US targets five Chinese firms over alleged forced labour in Xinjiang

The move has implications for solar's supply chain and could force US companies to find material elsewhere. PHOTO: REUTERS

WASHINGTON (REUTERS, XINHUA) - The Biden administration imposed trade bans on five Chinese companies over forced labour allegations in Xinjiang, the White House said on Thursday (June 24), citing the Group of Seven's recent pledge to clean up the global supply chain.

It ordered a ban on US imports of a key solar panel material from Chinese-based Hoshine Silicon Industry and separately restricted exports to Hoshine, three other Chinese firms and the paramilitary Xinjiang Production and Construction Corps (XPCC), saying they were involved with the forced labour of Uighurs and other Muslim minority groups in the Chinese province.

The US Department of Labour also added polysilicon produced with forced labour in China to its "List of Goods Produced by Child Labour or Forced Labour".

"These actions demonstrate our commitment to imposing additional costs on the People's Republic of China for engaging in cruel and inhumane forced labour practices and ensuring that Beijing plays by the rules of fair trade as part of the rules-based international order," the White House said.

Beijing has dismissed accusations of genocide and forced labour in Xinjiang as lies.

The three other companies added to the US economic blacklist were Xinjiang Daqo New Energy, a unit of Daqo New Energy Corp; Xinjiang East Hope Nonferrous Metals, a subsidiary of Shanghai-based manufacturing giant East Hope Group; and Xinjiang GCL New Energy Material, part of GCL New Energy Holdings.

At least some of the companies are major manufacturers of monocrystalline silicon and polysilicon used in solar panel production.

The White House, in its statement, said the companies' practices not only ran counter to American values but also tipped the scales against US workers "by exploiting workers and artificially suppressing wages". It noted the Biden administration's push to boost the US solar industry.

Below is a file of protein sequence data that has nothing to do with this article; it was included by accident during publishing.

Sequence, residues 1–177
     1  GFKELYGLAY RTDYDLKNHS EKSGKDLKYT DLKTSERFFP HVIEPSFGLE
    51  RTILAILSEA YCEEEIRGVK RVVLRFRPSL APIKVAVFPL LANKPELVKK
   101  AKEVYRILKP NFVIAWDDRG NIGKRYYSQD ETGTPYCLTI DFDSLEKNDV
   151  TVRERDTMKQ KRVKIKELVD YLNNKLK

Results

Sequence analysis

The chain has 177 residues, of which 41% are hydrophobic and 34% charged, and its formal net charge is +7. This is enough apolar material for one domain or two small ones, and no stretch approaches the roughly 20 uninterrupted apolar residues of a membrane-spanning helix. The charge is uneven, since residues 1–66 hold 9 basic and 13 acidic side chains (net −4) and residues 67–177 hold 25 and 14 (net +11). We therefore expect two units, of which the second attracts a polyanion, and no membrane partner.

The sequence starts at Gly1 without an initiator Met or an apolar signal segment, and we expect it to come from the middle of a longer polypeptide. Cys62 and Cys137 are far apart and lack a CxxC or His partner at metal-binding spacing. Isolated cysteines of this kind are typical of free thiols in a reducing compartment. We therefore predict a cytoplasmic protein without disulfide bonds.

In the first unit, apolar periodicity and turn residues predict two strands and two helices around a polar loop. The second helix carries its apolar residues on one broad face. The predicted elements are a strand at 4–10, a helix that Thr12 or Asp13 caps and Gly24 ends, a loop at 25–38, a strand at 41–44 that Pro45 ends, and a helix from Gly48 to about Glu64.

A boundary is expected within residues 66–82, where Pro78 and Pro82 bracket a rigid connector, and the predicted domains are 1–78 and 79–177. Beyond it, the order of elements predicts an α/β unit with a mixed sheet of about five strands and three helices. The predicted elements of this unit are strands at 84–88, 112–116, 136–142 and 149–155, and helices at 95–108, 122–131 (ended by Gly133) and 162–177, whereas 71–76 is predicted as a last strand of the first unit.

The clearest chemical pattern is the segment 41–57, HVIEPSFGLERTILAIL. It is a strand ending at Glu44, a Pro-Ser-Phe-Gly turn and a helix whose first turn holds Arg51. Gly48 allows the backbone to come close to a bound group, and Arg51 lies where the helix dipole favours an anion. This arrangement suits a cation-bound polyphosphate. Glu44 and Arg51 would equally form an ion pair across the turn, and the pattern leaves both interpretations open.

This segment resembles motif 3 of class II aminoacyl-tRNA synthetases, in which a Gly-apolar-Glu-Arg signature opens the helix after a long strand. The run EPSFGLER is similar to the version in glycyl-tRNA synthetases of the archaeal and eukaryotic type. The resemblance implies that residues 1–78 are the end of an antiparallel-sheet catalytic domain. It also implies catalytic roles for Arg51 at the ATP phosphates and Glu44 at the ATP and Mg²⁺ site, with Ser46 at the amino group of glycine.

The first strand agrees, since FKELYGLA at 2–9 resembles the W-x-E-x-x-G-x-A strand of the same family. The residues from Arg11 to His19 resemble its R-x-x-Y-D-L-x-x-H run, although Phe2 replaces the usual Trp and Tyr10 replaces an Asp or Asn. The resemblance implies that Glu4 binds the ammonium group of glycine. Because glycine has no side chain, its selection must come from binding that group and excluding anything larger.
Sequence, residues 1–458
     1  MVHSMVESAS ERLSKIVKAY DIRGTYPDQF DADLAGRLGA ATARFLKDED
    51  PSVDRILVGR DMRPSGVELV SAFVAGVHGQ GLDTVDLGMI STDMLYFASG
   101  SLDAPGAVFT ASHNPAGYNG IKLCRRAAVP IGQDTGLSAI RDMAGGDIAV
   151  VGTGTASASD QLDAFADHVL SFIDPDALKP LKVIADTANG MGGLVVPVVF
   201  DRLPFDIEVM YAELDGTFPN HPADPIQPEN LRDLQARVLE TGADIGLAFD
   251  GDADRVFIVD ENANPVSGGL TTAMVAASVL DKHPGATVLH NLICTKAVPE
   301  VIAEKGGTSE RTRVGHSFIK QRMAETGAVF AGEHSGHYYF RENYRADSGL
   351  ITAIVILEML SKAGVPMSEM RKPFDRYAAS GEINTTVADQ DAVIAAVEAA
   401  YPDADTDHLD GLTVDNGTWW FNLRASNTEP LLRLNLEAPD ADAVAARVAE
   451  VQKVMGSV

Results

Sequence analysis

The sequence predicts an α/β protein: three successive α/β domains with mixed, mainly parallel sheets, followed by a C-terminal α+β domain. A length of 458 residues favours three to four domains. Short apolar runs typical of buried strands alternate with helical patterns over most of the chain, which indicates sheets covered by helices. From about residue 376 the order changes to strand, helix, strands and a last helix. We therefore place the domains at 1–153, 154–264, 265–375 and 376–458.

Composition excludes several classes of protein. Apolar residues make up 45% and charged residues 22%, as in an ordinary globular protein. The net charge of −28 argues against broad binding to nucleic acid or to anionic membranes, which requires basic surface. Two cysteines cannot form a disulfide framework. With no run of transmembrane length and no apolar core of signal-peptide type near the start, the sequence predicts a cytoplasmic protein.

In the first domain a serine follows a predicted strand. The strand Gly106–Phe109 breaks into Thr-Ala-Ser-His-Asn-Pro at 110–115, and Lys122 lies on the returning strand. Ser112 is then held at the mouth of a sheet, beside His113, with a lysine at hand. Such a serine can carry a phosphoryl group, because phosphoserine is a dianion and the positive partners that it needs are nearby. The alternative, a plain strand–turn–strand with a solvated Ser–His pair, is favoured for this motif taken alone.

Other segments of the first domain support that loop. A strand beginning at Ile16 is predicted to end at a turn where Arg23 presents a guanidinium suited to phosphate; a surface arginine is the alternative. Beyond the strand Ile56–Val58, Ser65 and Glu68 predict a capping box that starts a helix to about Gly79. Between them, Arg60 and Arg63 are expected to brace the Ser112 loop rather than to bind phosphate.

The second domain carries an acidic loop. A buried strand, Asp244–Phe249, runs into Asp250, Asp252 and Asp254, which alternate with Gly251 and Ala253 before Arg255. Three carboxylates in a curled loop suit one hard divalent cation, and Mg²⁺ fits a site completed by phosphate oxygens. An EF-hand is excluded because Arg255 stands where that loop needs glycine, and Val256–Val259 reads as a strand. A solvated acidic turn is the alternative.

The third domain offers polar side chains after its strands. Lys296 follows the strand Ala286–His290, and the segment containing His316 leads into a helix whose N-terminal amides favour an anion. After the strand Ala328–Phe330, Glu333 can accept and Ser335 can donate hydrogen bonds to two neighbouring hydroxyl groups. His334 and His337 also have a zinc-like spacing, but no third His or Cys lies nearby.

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Having the US Customs and Border Patrol seize imports from Hoshine was "based on information reasonably indicating that Hoshine used forced labour to manufacture silica-based products", it added.

Hoshine Silicon Industry earlier said on an interactive investor platform that it does not export industrial silicon to the United States directly, which would limit the ban's impact.

Xinjiang Daqo New Energy, in an e-mail to Reuters, said it had zero tolerance towards forced labour, and does not directly sell or buy from the US so there would be no significant impact on its business.

The other companies or their parent firms, including XPCC, did not respond to requests for comment, or could not be reached.

At a regular media briefing in Beijing on Thursday, Chinese foreign ministry spokesman Zhao Lijian strongly condemned the sanctions.

Mr Zhao said China will take all necessary measures to resolutely safeguard the legitimate rights and interests of Chinese companies.

"China strongly condemns the United States imposing sanctions on Chinese companies based on lies and false information," Mr Zhao said.

"The so-called 'forced labour' and 'genocide' in Xinjiang are the biggest lie of the century. The United States abused its 'entity list' to suppress Xinjiang's photovoltaic industry, based on fabrications," he said. "Such actions not only violate international trade rules and the principles of the market economy, but also undermine the global industrial and supply chains."

From cotton to the photovoltaic industry, and from agriculture to industry, the US uses human rights as a disguise to do all it could to cripple the industrial development in Xinjiang, Mr Zhao said.

"What the United States does is detrimental to Xinjiang people's rights to subsistence and development, and also exposes that what they are after is not facts, truth or Xinjiang people's well-being, but to create 'forced unemployment' and 'forced poverty' to mess up Xinjiang and contain China's development," he added.

Mr Zhao also said that US politicians should reflect more on the country's history of genocide against Native Americans and African Americans in Tulsa, and think more about how to solve human rights problems such as racial conflicts and forced labour in the US.

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